Hong Kong protests: short-term leases for street-level shops could become the norm if no end to unrest, Knight Frank says

By Martin Choi and Pearl Liu martin.choi@scmp.com / https://www.scmp.com/business/article/3031884/short-term-leases-street-level-shops-hong-kong-could-become-norm-if-there?utm_medium=partner&utm_campaign=contentexchange&utm_source=EdgeProp | October 10, 2019 9:48 AM SGT
Short-term leases for street-level shops in Hong Kong could go mainstream by year-end, with no resolution in sight to the city's worst political crisis in recent years, property consultancy Knight Frank has said.
"Landlords have had to adopt shorter-term leases because of such a dire situation. It is better than leaving shops vacant," said Helen Mak, senior director and head of retail services at Knight Frank. "We will see more such monthly agreements. Some landlords may even allow tenants to renew every month. This could become a mainstream format by the end of the year, as we see no solution emerging in the short term."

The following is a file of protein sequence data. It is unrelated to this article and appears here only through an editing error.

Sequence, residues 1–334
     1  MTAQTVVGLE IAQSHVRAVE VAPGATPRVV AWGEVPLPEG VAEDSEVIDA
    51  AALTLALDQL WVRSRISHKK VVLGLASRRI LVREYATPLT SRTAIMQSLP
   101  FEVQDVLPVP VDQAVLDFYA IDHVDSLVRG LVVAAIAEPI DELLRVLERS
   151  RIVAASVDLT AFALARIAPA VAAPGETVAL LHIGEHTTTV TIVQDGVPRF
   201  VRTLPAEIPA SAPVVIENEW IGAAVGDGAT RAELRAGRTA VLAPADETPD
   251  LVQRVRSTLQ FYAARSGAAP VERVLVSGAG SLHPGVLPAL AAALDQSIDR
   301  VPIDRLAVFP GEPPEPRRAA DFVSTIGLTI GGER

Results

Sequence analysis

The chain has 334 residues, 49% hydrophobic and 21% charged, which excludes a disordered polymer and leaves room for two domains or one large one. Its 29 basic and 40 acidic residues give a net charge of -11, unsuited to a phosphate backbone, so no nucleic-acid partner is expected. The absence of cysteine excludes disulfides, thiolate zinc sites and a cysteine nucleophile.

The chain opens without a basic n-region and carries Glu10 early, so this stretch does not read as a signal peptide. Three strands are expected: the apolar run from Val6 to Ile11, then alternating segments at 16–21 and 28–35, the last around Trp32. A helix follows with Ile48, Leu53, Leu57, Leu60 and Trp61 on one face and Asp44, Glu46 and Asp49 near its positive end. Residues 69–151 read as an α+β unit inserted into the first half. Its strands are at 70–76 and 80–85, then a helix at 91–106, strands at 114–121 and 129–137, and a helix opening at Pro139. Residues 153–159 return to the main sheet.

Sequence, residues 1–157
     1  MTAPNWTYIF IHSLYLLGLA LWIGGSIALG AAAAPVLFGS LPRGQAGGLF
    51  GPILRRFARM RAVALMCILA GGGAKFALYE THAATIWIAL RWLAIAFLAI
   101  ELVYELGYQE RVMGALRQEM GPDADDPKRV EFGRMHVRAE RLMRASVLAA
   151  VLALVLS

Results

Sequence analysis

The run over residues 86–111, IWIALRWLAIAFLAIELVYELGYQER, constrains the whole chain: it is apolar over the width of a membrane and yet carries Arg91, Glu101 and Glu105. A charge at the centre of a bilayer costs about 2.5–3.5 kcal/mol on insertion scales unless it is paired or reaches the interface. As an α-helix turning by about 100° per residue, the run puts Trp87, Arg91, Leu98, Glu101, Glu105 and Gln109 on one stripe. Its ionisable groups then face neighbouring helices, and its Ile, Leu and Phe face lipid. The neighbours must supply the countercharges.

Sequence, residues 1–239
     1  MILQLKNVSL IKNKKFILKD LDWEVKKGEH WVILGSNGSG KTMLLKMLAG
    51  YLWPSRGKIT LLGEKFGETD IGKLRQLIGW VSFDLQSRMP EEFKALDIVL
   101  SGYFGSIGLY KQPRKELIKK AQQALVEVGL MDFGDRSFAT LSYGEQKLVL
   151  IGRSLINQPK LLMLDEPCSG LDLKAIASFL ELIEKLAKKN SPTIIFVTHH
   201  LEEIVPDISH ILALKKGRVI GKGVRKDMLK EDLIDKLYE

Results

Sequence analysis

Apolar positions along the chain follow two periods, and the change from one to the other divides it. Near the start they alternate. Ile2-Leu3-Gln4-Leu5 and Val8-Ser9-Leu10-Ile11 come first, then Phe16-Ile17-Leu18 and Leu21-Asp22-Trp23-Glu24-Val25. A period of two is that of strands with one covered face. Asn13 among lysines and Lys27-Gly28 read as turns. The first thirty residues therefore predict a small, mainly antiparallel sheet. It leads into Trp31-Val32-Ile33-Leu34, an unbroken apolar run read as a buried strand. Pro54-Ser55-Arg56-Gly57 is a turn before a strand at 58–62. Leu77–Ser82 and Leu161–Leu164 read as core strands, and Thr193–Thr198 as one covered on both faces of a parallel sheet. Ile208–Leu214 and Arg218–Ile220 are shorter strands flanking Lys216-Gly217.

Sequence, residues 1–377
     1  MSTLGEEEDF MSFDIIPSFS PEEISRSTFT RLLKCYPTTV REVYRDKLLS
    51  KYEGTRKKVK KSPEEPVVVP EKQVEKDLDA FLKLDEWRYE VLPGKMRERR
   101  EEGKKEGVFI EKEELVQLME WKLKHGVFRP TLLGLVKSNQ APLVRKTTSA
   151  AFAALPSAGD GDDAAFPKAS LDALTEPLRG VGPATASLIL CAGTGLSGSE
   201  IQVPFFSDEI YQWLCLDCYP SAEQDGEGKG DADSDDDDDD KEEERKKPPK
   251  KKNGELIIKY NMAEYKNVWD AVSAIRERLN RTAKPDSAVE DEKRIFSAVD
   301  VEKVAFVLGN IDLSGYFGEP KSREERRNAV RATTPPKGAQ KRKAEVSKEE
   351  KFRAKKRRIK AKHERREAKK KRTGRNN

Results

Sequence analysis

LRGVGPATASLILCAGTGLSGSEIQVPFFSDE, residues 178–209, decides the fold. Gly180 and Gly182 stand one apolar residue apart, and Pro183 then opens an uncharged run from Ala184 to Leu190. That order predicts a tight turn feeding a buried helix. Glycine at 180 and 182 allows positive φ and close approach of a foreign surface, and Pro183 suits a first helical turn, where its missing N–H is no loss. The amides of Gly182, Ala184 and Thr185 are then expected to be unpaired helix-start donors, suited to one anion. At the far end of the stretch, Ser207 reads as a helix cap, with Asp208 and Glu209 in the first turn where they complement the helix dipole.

An increasing number of landlords with street-level shops in Hong Kong are offering rent cuts as well as short-term leases to retain tenants as retail sales and tourist arrivals fall sharply amid anti-government protests that are in their fourth month now.
Many such shops, shopping centres, restaurants and even MTR stations remained shut during the October 5-7 long weekend, as the protests intensified in response to a face mask ban introduced on Friday midnight.
Short-term leases first emerged around mid-July, when pressure was first felt by retailers, Mak said. Landlords commonly require that tenants of street-level shops sign two to three-year leases, with an option of renewal for another one or two years.
But business has been affected by the protests. It has dropped by half, Ms Chan, an employee at Jade House Jewellery in Causeway Bay, said. The popular shopping district, also the world's most expensive in terms of rent, has been hardest hit.
"The last few months have been really quiet. There's nothing much we can do. Before the social unrest we were more busy," she said. "The protests have been happening all over Hong Kong " where can we go to do business? It's been very miserable.
"When it gets scary, we close at around 3pm or 4pm. Sometimes, we don't even open. Many of the shopping malls nearby have also shut their doors. There's nothing we can do."
Retail sales in the city dropped 23 per cent year on year to...